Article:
Single and Double-Quoted Strings

Strings can contain variables as well as text. Single and double-quoted strings are the same except for one variation. Any variables in a single-quoted string will display the actual variable, and not its value. For instance, consider the following:

$name = 'Dave';

echo 'Hello $name';

This will print Hello $name instead of Hello Dave.

Now, consider the following example:

<?php

$name = "Dave";

echo "Hello $name";

This will print Hello Dave.

Thus, we can see how the double quotes display the values of the variable.

Also, if you want to have a single-quote character in a single-quoted string, you will have to escape it using the backslash character. Backslash characters also need to be escaped.

This example demonstrates the use of a backslash to escape single quotes inside a single-quoted string:

     echo 'Your code isn\'t bad, but it could be better';

// will print: Your code isn't bad, but it could be better.

You will notice the // characters in the preceding example. This means it's a comment. Comments are useful when you want to make notes explaining what the intention of the code is and to make the code readable. The comment is and will be ignored by the script.

There are single-line comments such as those above the // characters that will add a comment to the current line.

To use multiple-line comments, the syntax is as follows:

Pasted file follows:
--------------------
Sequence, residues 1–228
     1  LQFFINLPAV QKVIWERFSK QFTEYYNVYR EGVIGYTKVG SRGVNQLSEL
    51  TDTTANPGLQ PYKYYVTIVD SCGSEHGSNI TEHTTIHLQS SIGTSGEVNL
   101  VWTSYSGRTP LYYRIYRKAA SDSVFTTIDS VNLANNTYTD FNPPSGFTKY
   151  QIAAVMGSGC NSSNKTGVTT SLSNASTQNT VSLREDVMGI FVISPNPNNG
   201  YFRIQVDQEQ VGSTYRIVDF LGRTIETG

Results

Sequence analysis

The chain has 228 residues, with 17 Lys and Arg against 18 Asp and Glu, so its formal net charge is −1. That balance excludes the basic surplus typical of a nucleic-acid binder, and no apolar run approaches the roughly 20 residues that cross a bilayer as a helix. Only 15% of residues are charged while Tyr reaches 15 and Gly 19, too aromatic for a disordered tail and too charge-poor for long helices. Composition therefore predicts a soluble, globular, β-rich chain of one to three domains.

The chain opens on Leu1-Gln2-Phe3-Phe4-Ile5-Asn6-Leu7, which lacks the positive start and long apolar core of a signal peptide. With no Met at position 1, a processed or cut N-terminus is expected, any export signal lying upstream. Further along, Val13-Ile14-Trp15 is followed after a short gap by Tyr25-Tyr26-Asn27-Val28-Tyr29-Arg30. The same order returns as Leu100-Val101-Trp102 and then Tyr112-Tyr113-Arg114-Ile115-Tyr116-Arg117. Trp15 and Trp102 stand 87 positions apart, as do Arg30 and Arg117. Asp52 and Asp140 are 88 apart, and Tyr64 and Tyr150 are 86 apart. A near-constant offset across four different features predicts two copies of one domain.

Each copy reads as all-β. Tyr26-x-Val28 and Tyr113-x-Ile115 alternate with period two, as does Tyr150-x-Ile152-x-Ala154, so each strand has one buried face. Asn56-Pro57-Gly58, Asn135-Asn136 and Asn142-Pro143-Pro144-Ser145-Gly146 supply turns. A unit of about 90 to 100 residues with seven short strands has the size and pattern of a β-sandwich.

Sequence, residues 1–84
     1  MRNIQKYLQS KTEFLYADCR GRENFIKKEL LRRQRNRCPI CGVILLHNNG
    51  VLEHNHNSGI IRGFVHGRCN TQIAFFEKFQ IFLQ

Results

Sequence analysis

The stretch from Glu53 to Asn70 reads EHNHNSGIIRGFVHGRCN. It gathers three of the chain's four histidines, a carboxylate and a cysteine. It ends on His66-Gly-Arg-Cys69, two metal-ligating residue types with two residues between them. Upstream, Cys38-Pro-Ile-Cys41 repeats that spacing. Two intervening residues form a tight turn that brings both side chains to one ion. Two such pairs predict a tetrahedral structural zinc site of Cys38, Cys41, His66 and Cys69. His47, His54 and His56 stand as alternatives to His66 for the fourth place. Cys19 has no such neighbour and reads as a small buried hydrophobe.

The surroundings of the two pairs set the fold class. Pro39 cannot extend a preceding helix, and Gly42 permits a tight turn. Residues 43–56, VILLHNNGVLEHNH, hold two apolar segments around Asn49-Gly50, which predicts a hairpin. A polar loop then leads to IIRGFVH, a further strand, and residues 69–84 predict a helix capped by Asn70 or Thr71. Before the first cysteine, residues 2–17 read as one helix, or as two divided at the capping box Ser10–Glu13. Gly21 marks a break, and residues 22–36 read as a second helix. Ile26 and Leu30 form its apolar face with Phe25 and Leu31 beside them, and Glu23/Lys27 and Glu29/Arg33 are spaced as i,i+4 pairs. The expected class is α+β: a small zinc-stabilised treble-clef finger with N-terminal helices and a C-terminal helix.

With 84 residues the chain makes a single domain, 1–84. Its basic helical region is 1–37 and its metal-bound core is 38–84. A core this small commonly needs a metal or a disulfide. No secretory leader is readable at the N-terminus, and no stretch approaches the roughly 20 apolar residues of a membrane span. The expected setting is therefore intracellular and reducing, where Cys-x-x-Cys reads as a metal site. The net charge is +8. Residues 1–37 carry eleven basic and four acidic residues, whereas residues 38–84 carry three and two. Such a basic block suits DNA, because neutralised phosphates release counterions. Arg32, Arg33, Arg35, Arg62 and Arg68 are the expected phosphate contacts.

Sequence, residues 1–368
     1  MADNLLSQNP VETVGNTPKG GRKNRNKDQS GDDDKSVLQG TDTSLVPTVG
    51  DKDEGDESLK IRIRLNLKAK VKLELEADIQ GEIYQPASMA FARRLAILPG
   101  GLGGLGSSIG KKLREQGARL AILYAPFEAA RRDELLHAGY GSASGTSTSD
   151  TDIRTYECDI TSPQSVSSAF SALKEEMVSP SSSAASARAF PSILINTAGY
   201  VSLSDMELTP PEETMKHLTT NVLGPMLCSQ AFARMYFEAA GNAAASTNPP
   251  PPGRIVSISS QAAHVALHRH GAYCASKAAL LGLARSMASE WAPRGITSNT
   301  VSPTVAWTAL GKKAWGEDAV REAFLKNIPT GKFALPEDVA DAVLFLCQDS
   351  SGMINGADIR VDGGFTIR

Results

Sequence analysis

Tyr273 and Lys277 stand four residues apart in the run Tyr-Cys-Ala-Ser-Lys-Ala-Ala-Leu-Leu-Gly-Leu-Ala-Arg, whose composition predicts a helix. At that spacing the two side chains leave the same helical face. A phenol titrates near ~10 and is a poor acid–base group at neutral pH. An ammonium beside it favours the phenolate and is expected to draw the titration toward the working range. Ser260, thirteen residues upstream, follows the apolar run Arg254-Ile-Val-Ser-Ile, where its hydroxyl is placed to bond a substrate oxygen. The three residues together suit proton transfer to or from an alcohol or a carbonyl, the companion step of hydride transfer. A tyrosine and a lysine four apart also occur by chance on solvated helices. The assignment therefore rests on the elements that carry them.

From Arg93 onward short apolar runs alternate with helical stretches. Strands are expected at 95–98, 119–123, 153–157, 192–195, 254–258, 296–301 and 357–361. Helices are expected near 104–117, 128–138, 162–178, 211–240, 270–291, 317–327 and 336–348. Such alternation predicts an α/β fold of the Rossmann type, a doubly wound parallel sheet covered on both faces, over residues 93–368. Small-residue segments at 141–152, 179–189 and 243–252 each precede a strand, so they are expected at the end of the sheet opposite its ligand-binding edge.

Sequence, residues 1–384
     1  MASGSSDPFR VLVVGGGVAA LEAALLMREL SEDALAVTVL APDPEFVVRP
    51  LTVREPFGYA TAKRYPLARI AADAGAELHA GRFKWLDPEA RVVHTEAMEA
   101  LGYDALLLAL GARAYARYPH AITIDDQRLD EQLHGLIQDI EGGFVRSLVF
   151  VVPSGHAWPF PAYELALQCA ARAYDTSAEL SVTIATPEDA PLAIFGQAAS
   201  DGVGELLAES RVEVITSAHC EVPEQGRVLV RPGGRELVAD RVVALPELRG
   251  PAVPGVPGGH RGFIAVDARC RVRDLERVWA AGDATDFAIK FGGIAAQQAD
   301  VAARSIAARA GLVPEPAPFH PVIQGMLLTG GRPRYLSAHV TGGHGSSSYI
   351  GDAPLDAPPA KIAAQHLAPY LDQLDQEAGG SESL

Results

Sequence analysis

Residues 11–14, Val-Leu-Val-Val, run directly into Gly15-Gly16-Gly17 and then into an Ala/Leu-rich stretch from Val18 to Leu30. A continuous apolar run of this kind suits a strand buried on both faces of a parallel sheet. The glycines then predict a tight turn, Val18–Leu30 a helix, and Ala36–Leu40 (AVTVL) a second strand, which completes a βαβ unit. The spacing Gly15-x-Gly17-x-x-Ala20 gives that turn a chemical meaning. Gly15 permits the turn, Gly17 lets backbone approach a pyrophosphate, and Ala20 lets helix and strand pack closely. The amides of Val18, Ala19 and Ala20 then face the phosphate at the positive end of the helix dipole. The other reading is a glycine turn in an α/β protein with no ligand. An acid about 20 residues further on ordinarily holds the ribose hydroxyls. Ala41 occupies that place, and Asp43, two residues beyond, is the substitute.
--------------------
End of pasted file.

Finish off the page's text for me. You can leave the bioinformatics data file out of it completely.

/*

This is a multi line comment

It can use as many lines as needed

to end a multiline comment use

*/

PHP supports the use of variables inside strings when using double quotes. Take this example, where a number is assigned to $number and is then displayed inside a string:

  $number = 123;

  echo "The number is: $number";

  // will print: The number is: 123

Let's now take a look at some examples of double-quoted strings. We will use the same strings we used in the preceding examples relating to single quotes:

<?php

  $number = 123;

  echo "The number is: $number";

  // will print: The number is: 123

  echo '<br>';

  echo "Your code isn't bad, but it could be better";

  // Your code isn't bad, but it could be better

Did you notice any difference in the outputs of the single and double-quoted strings? Observe the output of the second string. The value of the $number variable got printed instead when we used double quotes:

Figure 2.1: Output of the string examples